3. Lose focus
I do my best before each set to focus on making it an all-out animalistic effort with the knowledge that the second it’s over I can completely relax for a couple of minutes. That’s the reward. I think about it this way: an hour-long lifting session probably boils down to around 20 or 25 minutes of very intense effort and that I won’t have to generate even 10% of that effort for any of the remaining 1,415 minutes [of the day] outside of those 25 minutes.
4. Rush lifts
I mentioned earlier that my lifting sessions last an hour. Sometimes a lift might be so taxing that I need extra time to recover between sets. That’s fine. That’s good. It means the set was tough and my body will respond by adapting to it providing I give it the rest it’s asking for. Inevitably, as a result, there are some sessions during which I realize I’m running out of time to complete all sets of all lifts that I set out to take on. The constant is that I must be out of the gym on time. The variable is how I choose to use my remaining time. I could do one of two things: 1) rush to complete the remaining sets, or 2) continue to take my time, but not complete the remaining sets. I choose #2 every time. Rushing and lifting stand in diametric opposition to one another. I’d rather eat a pint of ice cream before rushing a lift. Ice cream feels better going down. If I have six minutes left in the gym and I still have, say, four sets of a lift to complete, I’ll simply continue on my pace, putting every ounce of effort I have into the sets I’m able to complete in that time and forget about any sets I might have missed. Intensity is way more important than getting everything done.
5. Ignore the importance of tracking progress
Could there be a correlation between the number of people who lift without recording their progress and the number of people who make little progress? I think so. Journals are good. When my goal isn’t losing fat, I aim to improve every lift every session. If it means one more rep at the same weight or the same number of reps at a greater weight, or the same number of reps at the same weight but at a faster pace, it’s all good to me. That virtually impossible to track without a journal.

Fasting 20 Hours Daily: My Experience One Year In

I haven’t posted for a long time, but I just had the sudden urge to write. I’ve officially been fasting every day for a year now, the majority of which has been for 19.5 hours daily (9pm – 4:30pm). I don’t see myself ever going back to a more “normal” eating pattern. When people find out that I fast every day for so long (usually because I don’t eat at work), most of them are intrigued and ask questions. I thought I’d post some of the questions I’m asked most frequently and how I answer them.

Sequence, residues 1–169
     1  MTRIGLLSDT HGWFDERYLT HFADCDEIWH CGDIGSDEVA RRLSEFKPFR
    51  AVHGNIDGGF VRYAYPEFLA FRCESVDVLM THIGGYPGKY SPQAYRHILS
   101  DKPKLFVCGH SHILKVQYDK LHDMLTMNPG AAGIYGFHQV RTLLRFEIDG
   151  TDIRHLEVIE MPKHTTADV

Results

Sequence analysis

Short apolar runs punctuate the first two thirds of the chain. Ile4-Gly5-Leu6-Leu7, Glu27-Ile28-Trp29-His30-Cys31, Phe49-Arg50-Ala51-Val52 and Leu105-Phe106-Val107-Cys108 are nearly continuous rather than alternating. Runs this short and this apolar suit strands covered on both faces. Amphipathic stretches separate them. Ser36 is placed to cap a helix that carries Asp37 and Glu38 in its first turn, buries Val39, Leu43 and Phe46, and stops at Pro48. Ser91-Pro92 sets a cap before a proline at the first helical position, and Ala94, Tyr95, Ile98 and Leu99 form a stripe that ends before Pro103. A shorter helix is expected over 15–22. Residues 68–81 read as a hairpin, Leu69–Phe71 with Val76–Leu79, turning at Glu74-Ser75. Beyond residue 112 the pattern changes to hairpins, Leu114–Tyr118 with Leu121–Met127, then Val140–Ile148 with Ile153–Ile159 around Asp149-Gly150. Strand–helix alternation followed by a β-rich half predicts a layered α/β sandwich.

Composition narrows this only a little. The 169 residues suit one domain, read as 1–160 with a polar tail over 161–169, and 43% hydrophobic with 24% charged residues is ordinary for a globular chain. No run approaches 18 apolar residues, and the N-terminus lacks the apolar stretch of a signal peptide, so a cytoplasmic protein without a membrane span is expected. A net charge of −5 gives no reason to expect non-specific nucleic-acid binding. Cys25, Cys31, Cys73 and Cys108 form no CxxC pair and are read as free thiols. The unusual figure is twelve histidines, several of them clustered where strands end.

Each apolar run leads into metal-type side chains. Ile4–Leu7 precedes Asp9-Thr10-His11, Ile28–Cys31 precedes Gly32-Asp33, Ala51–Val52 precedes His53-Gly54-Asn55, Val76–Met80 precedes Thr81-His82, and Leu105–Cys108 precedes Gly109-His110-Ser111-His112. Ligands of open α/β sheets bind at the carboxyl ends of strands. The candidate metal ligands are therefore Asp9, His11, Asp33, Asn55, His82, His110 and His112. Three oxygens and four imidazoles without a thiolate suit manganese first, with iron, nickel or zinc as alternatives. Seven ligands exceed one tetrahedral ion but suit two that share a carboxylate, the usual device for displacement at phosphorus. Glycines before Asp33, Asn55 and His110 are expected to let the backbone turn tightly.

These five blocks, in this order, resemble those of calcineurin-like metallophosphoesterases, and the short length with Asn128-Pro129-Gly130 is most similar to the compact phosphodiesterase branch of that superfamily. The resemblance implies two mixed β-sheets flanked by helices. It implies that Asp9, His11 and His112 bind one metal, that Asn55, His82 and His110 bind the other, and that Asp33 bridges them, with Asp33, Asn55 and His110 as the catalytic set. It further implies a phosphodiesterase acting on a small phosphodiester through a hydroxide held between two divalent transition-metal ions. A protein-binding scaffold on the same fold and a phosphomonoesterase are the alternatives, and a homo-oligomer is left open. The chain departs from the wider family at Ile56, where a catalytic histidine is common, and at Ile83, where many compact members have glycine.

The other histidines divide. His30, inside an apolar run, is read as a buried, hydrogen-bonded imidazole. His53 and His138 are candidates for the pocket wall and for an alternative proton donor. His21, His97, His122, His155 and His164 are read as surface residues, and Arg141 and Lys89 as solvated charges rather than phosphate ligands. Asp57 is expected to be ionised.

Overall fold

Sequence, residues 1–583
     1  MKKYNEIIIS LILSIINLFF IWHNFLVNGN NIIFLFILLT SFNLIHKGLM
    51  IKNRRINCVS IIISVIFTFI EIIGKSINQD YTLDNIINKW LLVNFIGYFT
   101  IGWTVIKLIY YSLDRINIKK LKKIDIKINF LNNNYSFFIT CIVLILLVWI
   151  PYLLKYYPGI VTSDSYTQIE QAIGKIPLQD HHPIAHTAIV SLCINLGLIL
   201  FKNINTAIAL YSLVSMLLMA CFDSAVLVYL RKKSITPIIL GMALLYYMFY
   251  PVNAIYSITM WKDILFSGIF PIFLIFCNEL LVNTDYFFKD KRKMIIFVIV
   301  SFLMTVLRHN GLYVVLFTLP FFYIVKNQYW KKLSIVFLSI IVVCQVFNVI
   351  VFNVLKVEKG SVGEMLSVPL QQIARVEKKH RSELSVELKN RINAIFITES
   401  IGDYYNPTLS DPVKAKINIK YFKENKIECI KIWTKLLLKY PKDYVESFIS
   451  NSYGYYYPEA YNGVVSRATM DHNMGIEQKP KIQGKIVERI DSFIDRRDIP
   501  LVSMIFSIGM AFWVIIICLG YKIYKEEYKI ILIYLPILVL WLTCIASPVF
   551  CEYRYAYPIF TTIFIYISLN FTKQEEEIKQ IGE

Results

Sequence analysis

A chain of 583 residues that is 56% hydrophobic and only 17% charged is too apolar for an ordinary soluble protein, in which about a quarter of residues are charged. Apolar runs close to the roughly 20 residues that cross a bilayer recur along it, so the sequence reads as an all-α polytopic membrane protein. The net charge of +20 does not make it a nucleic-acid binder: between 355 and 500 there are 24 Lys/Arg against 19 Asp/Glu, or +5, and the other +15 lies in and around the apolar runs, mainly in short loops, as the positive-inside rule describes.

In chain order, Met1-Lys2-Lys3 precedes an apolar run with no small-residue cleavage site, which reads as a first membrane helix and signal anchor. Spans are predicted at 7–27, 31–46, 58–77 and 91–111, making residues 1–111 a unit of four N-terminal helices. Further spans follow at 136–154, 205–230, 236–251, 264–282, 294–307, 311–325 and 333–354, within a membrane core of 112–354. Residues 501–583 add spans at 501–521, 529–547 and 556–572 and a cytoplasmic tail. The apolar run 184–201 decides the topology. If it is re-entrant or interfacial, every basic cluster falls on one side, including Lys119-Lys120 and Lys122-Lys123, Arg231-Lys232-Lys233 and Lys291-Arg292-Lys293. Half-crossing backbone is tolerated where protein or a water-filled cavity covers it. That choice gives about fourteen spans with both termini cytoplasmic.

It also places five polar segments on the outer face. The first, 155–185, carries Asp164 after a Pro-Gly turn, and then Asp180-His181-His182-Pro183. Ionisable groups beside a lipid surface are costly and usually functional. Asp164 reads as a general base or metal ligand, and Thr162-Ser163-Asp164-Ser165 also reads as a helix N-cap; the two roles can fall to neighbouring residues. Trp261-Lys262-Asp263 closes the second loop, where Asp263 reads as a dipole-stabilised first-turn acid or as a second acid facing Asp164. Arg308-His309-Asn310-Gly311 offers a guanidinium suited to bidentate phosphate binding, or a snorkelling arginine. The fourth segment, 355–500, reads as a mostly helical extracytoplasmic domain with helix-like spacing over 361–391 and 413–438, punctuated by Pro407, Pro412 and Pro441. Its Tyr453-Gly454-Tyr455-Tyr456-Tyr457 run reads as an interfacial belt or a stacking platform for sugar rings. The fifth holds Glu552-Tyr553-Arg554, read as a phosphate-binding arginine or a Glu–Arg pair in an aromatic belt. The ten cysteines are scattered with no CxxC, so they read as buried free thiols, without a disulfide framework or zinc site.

“Don’t you get hungry?”

This is almost always the first question. Sometimes I do, but only for very brief periods (like five or 10 minutes) that quickly pass. I consume the number of calories appropriate to my fitness goals (whether it be muscle gain or fat loss) in my 4.5-hour eating window at the end of the day, which I believe my body is processing through a good portion of the period during which I’m fasting and that helps limit hunger. I drink two cups of coffee each day as well, which definitely helps reduce pangs.

“How do you stay awake and how do you think clearly?”

I’m way more awake and clear-headed during my fasted period. When I begin eating food (particularly carbohydrates i.e. rice, potatoes and oats at the end of the day), I become palpably groggy and sluggish. That’s good because it helps me go to sleep, but only when I want to go to sleep. I’ve learned to use carbs like some people use Ambien. Only difference is that the carbs are natural, while Ambien is a scary chemical monster.

“Doesn’t eating so much right before bed make you fat?”

Clearly no. Not only have I found no academic literature demonstrating causality between eating right before bed and getting fat, but I also happen to finish eating literally a few minutes before going to bed every night and it has absolutely no effect on fat gain. Energy balance is still king. I also have a 50% bro-science theory that the body can more efficiently digest food when it doesn’t have to divert energy into doing other stuff like moving around, talking, thinking etc.

“Doesn’t your metabolism slow down?”